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  • Jenny

On Picking Up & Slowing Down

This post originally appeared on our old blog, Born to be a Bride.


A friend recently shared that she has trouble enjoying the baby months as she knows how much better it gets. She is accustomed to the loving words and constant discoveries of her older child, and knows that her second will soon be just as fun. I read an article the other day on the same subject. Wishing away the newborn days seems like a common thing — the exhaustion, stress, endless questions, minimal time to do things for oneself.

But I had a different experience and I wonder if mine was even more painful. As friends longingly look back and say they wish they’d savored the time more, I wonder if I should have savored it less. Let me explain.


When Willow was a tiny baby, I became completely and utterly consumed by her. I still am, by the way. The feeling has just gotten better and worse as we’ve gone along. From the first moments at home together, I would stare into her sweet face, eyes closed against the world, grunty noises coming from deep within. I would get up with her in the night, care for her, connected to her as only a parent can be.

I loved my baby with an ache and a depth that was both comforting and terrifying. It was (and is) bottomless, consuming. I savored each moment to the point that I regretted each one that came before, worrying that I hadn’t done enough. If she slept in her stroller while I walked around a mall procuring things for nursery or wardrobe, I regretted a nap that was not taken in my own arms. If she spent three straight hours screaming one afternoon, I tried everything and in the end found myself in a puddle on the floor, angry with me for not savoring the tantrum. And so it goes.


I have bullied myself into believing on many occasions, in fact, that I am unworthy of Willow’s love. With time and perspective on my side, I’m finally able to see that perhaps it was a spot of depression, a mix of hormones, or some other factor outside of my emotional capacity. Something I couldn’t fix. But it didn’t feel broken at all — it felt like I was swimming in liquid gold and sunshine and trying to keep it all forever while knowing there was a leak in the ocean and one day it would empty.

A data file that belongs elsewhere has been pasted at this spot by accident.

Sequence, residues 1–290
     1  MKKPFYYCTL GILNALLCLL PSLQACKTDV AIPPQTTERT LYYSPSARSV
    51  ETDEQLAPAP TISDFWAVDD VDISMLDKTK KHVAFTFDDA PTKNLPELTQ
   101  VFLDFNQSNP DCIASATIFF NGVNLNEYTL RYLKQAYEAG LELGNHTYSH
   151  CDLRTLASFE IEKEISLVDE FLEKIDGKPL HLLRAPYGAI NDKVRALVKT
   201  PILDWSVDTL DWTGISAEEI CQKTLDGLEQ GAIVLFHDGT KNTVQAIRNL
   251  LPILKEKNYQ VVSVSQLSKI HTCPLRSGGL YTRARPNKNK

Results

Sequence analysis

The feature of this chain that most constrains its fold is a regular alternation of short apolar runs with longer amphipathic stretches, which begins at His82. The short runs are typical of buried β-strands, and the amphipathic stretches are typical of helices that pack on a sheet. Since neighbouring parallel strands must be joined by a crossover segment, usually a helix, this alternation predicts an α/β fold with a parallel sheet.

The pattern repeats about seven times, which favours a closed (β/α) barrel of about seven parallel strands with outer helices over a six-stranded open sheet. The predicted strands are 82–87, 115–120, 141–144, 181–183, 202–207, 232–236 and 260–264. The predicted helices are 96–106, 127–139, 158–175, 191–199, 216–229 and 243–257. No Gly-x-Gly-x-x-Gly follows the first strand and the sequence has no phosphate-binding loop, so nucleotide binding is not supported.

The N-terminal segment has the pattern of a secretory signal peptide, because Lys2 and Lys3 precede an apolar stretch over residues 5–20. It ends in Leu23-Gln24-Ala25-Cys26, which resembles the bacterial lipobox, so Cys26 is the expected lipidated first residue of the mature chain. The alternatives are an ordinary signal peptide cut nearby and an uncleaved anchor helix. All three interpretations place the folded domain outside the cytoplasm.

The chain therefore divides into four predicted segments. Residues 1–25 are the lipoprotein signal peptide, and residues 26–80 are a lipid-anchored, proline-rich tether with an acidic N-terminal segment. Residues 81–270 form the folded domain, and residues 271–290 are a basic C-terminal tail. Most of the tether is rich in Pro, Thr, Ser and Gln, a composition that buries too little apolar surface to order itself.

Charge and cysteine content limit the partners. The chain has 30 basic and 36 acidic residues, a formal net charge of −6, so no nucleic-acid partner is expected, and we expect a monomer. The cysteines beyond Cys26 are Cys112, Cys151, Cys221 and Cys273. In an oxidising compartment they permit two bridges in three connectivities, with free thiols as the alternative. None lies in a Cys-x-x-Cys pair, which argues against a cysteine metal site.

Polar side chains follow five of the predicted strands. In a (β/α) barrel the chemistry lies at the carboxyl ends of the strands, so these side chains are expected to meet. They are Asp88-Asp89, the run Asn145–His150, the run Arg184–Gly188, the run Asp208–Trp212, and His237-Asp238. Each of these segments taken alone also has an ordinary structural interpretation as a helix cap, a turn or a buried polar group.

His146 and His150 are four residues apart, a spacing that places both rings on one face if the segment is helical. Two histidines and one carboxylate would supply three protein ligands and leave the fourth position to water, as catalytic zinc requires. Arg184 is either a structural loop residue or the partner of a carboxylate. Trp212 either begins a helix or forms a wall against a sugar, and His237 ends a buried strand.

I know it will empty and I know it won’t. It’s as simple and perplexing as that. I see the love my brothers and I have for our own mother, float above myself witnessing as I pen her letters or make her gifts or talk about her strength and wisdom. And I pray Willow will love me like that, too. But I see also, just as clearly, that I left my mother’s nest as children grow to do. That I broke her rules (and trust) as teens and young adults will. That I spoke cruelly to her on occasions when I should have just sat and listened.

When I would push my very young baby around in her stroller and an older woman would approach me and tell me something along the lines of, “You don’t know it now — but these are the best days of your life!” I wanted simultaneously to hug her and to toss her off my path. I did know it. I do know it. I am painfully, disarmingly aware of the importance of this moment. It’s why I take so many pictures and write down so many thoughts. It’s why sometimes I sit in the corner of my couch with a tissue in hand and wonder when she’ll wake up from that damn nap I tried so hard to get her down for. Because my ability and need to covet and to savor each day of this little one’s life hurts.


My expansive, inconceivable love for Willow has changed me from deep inside. I realize that it is different for every mother. My clutching, relentless love for my daughter is felt in other ways. I never said or never meant that it is the same for us all or that it should be. I wrote a post on this blog about the surprising ways Willow changed my scary vision of motherhood. Enough people agreed that it got shared and shared, republished in many languages. But enough people dragged me out into the Town Square with torture devices in hand to let me know that my views on the newborn days were false, sappy, and worthy of bodily injury.

I have grown up this year and my blog has grown with me. I have started to realize (finally, honestly, truthfully) that it does not matter. Not everyone is going to agree with what I write, and not everyone is going to appreciate it. I honor and respect the different ways in which you experience motherhood (and life) and I do not intend to strip that down or make you feel like you do not have a friend in me, because you do.


Sometimes I wish that the particular way in which I loved Willow was different. I would get a lot more sleep if I could forgive myself at the end of the day for any eye roll I had let slip during a tantrum. If I could get over the fact that I did spend 20 minutes catching up with a friend via text instead of sounding out the names of colors and shapes that afternoon, letting my eleven-month-old play quietly at my feet.


There is another side to savoring the baby days, is what I am getting at in a very roundabout way. There is a way that clutches your soul and pushes your limits and makes you doubt every move that you make, every word you say. I will never look back and say I didn’t savor my daughter’s babyhood. In fact, I did the opposite. I held on so tightly to each moment that I trapped myself in a painful cycle. I haven’t wished away a single moment. I do wish, though, that I had spent fewer of them crying over their very passing.